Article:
- Remove the hose assembly if you notice a leak. If so, you can fix it with some Eternabond tape as a temporary fix. In more serious cases, you’ll need to buy a new hose assembly.
Finally, your toilet valve that keeps water in the bowl may get stuck open. If that happens, its very likely that gunk is the problem. Try removing the gunk with a gloved hand and gently cleaning around the gasket with a brush. Then you can apply a silicone lubricant around the valve to keep it moving smoothly.
If that doesn’t solve the problem, you’ll need to shut off the water supply, remove the faulty valve, and replace it with a new one.
4. Leaky faucets
Another common RV plumbing issue is a leaky faucet. In many cases, this is caused by a buildup of minerals in the faucet, or it’s due to a lousy washer or seal. Unfortunately, most plastics OEM RV water faucets are not repairable, nor do the parts exist to fix them. Don’t bother trying to fix this problem. It’s cheaper and faster to just buy a new RV water faucet and replace it yourself.
5. City water connection issues
When you connect to a city water connection, you may experience water pressure that is too high, or too low.
Pressure that’s too high can damage your RV plumbing. If your campsite’s water pressure is too high (typically higher than 60 psi is too much), you’ll need to lower the pressure. Thankfully, this is a reasonably easy fix. Simply purchase a water pressure regulator and install it to ensure the water pressure always stays at a safe level.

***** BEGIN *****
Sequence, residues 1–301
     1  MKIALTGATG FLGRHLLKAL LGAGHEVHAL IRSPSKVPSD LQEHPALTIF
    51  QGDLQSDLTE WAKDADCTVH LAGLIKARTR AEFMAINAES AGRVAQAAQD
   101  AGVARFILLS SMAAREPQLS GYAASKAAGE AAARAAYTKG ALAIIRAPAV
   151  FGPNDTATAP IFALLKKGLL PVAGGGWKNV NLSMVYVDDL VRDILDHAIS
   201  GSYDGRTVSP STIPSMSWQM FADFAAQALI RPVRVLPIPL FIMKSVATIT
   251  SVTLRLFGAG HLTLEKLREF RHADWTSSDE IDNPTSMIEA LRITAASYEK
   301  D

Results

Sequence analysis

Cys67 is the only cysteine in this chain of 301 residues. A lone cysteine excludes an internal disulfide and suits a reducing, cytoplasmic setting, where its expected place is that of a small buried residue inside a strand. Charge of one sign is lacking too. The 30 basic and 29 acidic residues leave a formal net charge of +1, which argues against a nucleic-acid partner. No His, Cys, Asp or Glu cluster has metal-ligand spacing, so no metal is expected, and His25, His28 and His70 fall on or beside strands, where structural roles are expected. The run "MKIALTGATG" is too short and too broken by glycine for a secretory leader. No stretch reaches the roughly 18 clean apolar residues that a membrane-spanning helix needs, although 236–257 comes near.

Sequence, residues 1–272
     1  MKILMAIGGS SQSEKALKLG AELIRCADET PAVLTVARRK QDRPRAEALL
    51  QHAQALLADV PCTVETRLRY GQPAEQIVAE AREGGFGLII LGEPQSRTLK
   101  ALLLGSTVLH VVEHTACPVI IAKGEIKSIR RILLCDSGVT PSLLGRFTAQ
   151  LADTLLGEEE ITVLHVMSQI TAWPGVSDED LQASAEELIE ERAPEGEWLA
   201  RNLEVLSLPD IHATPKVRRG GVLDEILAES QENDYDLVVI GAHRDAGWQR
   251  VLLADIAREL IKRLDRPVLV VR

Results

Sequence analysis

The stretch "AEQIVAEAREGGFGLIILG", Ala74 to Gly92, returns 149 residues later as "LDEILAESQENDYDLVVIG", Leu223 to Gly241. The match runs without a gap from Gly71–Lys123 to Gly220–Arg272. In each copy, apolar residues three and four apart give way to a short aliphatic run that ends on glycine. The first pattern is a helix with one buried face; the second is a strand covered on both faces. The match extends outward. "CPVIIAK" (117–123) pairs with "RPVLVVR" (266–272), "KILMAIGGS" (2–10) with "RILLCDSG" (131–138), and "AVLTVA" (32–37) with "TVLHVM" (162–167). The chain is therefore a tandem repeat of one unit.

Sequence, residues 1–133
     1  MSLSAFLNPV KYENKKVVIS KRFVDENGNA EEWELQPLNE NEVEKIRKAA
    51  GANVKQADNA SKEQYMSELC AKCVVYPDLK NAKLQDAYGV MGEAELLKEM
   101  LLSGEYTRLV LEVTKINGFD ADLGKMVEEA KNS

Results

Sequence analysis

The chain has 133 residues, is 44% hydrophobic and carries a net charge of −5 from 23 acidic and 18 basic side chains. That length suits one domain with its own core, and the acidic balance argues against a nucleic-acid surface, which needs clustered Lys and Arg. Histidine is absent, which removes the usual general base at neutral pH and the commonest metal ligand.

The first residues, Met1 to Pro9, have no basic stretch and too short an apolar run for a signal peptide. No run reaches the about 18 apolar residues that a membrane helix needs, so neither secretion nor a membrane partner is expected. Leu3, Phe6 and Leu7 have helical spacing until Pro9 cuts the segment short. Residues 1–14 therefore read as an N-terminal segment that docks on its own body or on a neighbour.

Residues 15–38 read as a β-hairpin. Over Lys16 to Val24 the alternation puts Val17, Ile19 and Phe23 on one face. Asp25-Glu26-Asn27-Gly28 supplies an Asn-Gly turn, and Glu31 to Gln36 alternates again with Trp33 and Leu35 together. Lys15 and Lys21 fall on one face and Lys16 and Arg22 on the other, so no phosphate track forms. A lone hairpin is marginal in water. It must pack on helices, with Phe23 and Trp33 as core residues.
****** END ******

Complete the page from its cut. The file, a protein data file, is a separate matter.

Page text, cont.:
Pro tip: Install it between the campground faucet and your non-toxic RV water hose and protect your hose too.
Low pressure isn’t a threat to your RV plumbing, but it can be a major annoyance. If your pressure is low, ensure you have the spigot all the way open, and that there are no kinks in the hose. If neither of these fixes it, the issue is likely on the campground’s end. Try turning on your water pump and supplement the city water connection pressure via water from your RV pump / water tank.
Worst case scenario, you can always fix it except find a better campsite.
Track your RV maintenance
While nobody wants a leak in their RV, the good news is that with a bit of know-how, it’s usually an easy fix. By following the steps in our handy guide, you’ll be able to fix the most common RV plumbing issues. With just a few tools, you’ll be able to take on any issues that come your way.
Make sure you keep track of all your RV maintenance and repairs with an online tool such as RV LIFE Maintenance. Not only can you keep all of your documents in one place, but you’ll also receive timely reminders when maintenance is due to help you avoid costly repairs and potentially serious accidents.